Gene synthesis

Gene synthesis is creating a DNA sequence de novo or assembling fragments of sequences to make a complete, functional gene. In synthetic biology, DNA and proteins are typically created in test tubes using chemical reactions called polymerase chain reaction and reverse transcription, respectively. However, creating DNA molecules de novo from simpler chemical building blocks is possible.

The technique relies on chemists’ ability to build complex structures out of simple building blocks like nucleotides. Gene synthesis is also used in some genome editing techniques, such as CRISPR. Creating a DNA molecule is easy. The challenge is to create the DNA sequence that encodes the desired target product in its correct order and to insert the correct stop codon for termination.

In its simplest form, synthetic biology uses two technologies: chemically synthesized oligonucleotides and transcription by reverse transcription. Both provide ways to build a DNA molecule from simple building blocks. Microbiology tests these technologies in the lab, so scientists know how to do it.

A significant application of gene synthesis is the development of new drugs and diagnostics. Currently, many novel anti-cancer drugs or targeted gene therapies are being developed based on synthetic biology research. This technology has also helped create new antibiotics by constructing DNA molecules that target bacterial proteins to disrupt their function. In 2010, researchers even created a gene designed to cause white blood cells to remove fat cells from cancer patients. Gene synthesis has been used to develop new tools for diagnosis, such as a fetal DNA test that can be performed on a pregnant woman’s blood.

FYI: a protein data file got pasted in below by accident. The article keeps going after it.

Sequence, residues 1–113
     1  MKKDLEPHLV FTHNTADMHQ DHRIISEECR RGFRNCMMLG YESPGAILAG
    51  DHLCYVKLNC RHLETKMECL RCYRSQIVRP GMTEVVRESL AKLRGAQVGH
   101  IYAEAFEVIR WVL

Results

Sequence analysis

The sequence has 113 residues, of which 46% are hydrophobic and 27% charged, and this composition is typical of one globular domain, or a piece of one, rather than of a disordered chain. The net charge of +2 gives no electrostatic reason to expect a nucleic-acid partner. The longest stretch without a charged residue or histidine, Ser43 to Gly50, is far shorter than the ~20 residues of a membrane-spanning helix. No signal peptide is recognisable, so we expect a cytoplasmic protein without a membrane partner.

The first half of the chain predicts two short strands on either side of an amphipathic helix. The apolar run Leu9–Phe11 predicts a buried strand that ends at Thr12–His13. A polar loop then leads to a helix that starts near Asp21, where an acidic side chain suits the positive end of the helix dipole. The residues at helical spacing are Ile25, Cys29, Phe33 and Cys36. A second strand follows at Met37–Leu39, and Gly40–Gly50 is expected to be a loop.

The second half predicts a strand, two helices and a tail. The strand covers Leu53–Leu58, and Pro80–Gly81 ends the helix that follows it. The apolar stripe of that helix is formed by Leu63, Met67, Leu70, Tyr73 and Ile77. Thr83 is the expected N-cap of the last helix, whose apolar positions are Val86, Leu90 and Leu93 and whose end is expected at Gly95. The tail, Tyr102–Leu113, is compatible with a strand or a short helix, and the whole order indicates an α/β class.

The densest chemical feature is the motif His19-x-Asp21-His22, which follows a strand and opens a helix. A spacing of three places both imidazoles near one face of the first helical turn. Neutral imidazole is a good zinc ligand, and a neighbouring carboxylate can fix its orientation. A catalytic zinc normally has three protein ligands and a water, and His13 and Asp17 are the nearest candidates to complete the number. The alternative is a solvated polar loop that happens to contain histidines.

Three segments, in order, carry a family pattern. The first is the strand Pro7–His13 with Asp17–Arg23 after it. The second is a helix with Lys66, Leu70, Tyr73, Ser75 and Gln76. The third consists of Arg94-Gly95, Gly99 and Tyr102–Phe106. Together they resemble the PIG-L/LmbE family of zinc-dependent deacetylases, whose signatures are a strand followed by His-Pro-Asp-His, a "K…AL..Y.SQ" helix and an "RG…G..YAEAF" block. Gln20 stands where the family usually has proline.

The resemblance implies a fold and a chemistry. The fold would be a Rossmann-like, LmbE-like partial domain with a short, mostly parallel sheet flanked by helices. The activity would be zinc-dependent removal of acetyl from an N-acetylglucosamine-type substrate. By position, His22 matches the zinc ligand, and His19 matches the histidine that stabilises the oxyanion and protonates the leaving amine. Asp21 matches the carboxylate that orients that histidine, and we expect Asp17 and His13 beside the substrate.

Gene synthesis also allows researchers to develop cheaper alternatives to biologics like monoclonal antibodies and vaccines. Using the synthetic biology platform, researchers have developed a recombinant vaccine against meningitis that is more effective than current vaccines and could potentially replace the need for booster shots. The synthetic biology platform will allow researchers to target many different kinds of diseases using new gene therapies that one can rapidly produce at a lower cost. Gene synthesis also has an essential role in agriculture: it increases crop yields by producing plants resistant to pests and herbicides, leading to increased food security.